How difficult is it to resist Reginald Hargreeves? Difficult enough that — despite suffering enough lifelong dysfunction to warrant a whole team of psychiatrists — all seven of his adopted children, including the dead one, end up accepting his polite invitation to a light supper. The centerpiece of “A Light Supper” is a Hargreeves family reunion. It’s the second in as many episodes. Since this one was organized by Reginald himself, it’s also a kind of “Avengers Assemble!” for the Umbrella Academy, who are (with varying degrees of commitment) trying to figure out how to cancel the apocalypse.
But Philip Larkin had it right: No matter how old you get, and no matter what else is going on, you’re never free from what your parents did to you — and especially not as you’re staring your domineering dad right in the face. Before Reginald actually arrives to dinner (late, of course), Diego encourages his siblings to band together as “Team Zero,” rejecting the ranked numbers assigned by Reginald that defined their senses of self-worth as children. At dinner, when Reginald demands to see their superpowers, Luther insists they’re not performing animals. And literally just seconds later, Diego shows off his knife trick, Five teleports, Vanya makes some fruit explode, and Allison uses the power she’s normally so reluctant to use like it’s a party trick.
After that impressive display — which climaxes, perhaps inevitably, with Luther ripping his shirt off — Reginald is … unimpressed. More than anything, what seems to get Reginald’s attention is when Five quotes Homer’s Odyssey back to him in the original Greek — a clear signal that Reginald, at any age, will be most engaged with his own personal obsessions. He more or less shrugs off the children’s feelings, and their dire warnings about his own possible role in the end of the world, because he finds them irritating. (Except for Five, who he invites for a private post-dinner cocktail, and actually delivers some decent fatherly advice for once.)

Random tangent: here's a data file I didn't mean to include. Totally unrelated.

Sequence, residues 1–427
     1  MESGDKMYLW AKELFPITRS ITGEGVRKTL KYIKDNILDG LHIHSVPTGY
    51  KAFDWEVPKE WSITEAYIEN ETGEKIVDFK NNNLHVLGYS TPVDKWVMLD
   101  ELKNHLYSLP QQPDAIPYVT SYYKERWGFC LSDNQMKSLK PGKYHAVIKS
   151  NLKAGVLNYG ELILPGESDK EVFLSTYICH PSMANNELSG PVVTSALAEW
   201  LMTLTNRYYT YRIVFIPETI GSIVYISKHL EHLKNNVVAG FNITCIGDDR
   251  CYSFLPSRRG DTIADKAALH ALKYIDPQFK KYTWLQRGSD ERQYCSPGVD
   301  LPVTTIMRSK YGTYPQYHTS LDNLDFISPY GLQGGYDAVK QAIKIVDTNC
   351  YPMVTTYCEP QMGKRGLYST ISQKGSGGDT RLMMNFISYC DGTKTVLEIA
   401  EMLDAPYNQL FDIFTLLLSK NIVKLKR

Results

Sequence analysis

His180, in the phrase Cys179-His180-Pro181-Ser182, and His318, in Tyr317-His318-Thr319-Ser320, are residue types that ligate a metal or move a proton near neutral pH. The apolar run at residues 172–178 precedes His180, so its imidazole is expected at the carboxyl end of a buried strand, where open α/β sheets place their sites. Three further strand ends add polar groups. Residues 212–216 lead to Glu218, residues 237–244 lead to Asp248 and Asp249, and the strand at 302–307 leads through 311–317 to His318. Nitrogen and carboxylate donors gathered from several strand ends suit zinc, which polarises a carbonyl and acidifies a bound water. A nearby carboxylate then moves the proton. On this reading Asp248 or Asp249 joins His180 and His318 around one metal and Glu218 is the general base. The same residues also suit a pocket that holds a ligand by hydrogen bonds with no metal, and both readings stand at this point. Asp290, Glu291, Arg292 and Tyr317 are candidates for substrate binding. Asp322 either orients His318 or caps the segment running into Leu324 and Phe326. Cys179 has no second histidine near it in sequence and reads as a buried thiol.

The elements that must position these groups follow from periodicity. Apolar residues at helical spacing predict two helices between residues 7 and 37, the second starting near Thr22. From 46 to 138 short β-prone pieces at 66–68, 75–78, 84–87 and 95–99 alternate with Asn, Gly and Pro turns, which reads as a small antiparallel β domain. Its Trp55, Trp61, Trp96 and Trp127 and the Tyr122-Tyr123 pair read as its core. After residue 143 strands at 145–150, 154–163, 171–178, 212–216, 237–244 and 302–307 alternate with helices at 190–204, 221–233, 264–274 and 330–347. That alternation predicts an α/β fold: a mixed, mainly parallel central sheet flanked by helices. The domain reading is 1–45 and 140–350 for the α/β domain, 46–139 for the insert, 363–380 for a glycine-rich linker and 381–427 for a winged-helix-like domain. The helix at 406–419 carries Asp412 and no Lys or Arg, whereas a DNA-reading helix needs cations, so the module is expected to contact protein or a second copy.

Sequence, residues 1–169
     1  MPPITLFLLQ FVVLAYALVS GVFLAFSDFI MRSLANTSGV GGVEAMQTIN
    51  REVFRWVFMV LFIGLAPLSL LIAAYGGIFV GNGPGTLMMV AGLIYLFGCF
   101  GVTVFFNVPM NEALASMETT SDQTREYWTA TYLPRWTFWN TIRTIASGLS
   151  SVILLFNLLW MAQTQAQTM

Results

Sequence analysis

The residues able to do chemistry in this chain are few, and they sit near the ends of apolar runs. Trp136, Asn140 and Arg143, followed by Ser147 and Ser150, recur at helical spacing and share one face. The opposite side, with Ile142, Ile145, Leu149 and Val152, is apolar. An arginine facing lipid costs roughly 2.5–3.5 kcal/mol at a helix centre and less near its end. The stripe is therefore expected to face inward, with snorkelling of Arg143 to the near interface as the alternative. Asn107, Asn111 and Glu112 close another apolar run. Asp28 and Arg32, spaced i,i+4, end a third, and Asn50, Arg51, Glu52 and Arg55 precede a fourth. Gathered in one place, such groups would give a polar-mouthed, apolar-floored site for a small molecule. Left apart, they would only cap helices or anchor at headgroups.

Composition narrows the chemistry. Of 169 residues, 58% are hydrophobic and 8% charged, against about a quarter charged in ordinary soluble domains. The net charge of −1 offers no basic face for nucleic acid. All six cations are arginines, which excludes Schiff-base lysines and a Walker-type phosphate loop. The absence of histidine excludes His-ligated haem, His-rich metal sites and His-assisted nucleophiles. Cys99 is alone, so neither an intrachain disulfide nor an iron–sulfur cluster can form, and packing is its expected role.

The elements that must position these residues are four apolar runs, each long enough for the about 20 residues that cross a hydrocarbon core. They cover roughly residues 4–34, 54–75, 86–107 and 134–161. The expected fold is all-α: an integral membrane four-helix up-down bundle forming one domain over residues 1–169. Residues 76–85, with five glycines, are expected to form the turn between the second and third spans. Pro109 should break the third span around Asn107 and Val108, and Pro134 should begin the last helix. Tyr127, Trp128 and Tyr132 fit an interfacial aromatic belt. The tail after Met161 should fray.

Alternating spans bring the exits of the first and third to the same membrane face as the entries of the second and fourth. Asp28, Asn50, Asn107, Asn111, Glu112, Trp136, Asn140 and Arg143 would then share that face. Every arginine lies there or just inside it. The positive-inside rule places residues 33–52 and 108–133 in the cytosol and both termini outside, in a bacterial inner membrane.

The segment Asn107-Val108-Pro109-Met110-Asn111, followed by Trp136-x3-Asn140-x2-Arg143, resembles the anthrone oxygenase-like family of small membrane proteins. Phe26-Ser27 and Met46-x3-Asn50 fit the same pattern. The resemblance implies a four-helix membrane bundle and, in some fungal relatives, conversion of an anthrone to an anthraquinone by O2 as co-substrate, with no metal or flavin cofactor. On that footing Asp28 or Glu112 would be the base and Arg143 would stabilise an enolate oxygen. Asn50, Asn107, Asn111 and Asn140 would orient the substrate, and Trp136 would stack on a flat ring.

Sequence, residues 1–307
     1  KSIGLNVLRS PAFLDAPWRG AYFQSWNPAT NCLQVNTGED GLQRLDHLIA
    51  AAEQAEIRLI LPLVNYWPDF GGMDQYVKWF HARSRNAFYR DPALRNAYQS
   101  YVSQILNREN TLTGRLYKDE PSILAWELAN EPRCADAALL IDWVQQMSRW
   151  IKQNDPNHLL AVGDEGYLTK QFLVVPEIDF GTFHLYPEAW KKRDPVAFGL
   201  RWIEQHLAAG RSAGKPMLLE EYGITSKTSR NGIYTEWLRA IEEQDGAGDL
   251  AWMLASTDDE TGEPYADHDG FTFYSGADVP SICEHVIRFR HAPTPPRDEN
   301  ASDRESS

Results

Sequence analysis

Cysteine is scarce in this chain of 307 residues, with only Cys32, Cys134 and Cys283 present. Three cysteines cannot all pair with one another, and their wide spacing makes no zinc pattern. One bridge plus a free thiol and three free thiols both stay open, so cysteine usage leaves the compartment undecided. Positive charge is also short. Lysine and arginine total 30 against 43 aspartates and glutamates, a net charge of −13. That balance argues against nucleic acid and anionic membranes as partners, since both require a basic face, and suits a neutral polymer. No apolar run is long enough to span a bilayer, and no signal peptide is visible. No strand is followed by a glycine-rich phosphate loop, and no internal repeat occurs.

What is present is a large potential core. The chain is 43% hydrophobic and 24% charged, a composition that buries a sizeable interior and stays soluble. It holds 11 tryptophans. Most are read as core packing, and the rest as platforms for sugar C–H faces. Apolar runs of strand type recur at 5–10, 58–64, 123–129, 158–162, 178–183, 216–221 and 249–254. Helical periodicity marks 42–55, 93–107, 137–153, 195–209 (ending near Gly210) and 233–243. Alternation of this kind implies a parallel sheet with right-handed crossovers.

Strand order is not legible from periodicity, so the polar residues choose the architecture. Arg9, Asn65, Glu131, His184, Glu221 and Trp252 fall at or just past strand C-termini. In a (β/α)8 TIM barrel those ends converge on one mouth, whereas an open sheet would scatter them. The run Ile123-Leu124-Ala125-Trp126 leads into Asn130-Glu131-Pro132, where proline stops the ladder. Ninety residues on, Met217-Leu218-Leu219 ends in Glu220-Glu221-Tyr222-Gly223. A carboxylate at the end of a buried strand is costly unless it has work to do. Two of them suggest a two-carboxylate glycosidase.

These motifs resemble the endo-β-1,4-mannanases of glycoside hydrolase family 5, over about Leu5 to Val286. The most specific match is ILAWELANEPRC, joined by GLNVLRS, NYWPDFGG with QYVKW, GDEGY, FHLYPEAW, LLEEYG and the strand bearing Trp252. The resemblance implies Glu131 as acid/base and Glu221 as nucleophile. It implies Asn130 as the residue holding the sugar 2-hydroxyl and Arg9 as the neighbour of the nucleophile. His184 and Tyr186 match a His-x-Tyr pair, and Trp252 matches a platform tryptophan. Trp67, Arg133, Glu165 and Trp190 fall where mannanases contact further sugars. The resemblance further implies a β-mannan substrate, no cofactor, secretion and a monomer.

What I ended up getting stuck on here is the paradox of it all. We don’t really know how time travel works in Umbrella Academy. Conveniently, the impending apocalypse has enabled the series to sidestep questions about how the Hargreeves children’s actions in Dallas could be mucking with the timeline. Unless season two ends with yet another deck-clearing time jump, there must be some kind of consequence on the horizon, right?
The most obvious possible deviation is the one that Diego remains fixated on: Saving John F. Kennedy from being assassinated. But there are subtler shades that could change things, too. Reginald Hargreeves may be a cold-blooded asshole (or at least pretend to be one), but I have a hard time accepting that he could spend time with his sad, damaged adult children without deciding to do things a little differently when he gets the chance. And will Grace’s encounters with Diego change how she feels about Reginald (and by extension, the role of her robotic doppelgänger as the children’s mother)?
When you start to unpack the possible far-reaching consequences of what’s happening in Dallas if the Hargreeves children do prevent the end of the world, it can get a little head-spinning. There’s still plenty of tension between Allison and Ray. But in the midst of a brief display of her superpower — which they use for a shopping spree at a store that normally refuses to let Black customers try on clothes, and then to get revenge on the sneering waiter at the whites-only diner — Ray correctly notes that her ability to influence anyone into doing anything could have major implications for the entire civil rights movement. (And as reluctant as Allison is to use her powers for anything, it feels like there’s a legitimate moral case to be made for that!)